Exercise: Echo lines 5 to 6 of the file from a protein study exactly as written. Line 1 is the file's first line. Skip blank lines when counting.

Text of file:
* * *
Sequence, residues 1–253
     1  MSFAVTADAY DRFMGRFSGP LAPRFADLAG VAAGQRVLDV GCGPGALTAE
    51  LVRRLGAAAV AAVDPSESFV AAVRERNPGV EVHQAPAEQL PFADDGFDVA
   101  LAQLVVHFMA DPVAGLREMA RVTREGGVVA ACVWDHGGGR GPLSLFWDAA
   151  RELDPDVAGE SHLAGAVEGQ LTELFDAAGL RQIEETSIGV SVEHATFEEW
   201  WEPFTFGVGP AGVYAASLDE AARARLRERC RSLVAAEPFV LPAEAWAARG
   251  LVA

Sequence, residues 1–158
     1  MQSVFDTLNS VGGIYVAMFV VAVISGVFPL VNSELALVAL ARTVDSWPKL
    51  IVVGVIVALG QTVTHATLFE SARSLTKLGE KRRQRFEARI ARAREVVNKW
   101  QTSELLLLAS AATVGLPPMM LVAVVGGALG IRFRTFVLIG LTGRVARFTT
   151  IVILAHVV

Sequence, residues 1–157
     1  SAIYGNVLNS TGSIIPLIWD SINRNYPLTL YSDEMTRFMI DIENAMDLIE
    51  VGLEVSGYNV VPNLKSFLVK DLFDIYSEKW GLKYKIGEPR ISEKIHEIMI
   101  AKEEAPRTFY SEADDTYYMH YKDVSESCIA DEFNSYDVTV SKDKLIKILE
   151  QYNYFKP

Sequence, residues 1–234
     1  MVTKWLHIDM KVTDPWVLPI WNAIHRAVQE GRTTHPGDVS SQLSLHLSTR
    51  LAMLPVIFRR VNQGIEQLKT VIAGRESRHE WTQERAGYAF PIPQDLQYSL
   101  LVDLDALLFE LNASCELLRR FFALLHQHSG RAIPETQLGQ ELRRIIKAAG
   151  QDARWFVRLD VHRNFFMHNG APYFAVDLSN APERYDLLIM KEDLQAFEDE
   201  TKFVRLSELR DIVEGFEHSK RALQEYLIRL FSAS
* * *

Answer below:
   151  RELDPDVAGE SHLAGAVEGQ LTELFDAAGL RQIEETSIGV SVEHATFEEW
   201  WEPFTFGVGP AGVYAASLDE AARARLRERC RSLVAAEPFV LPAEAWAARG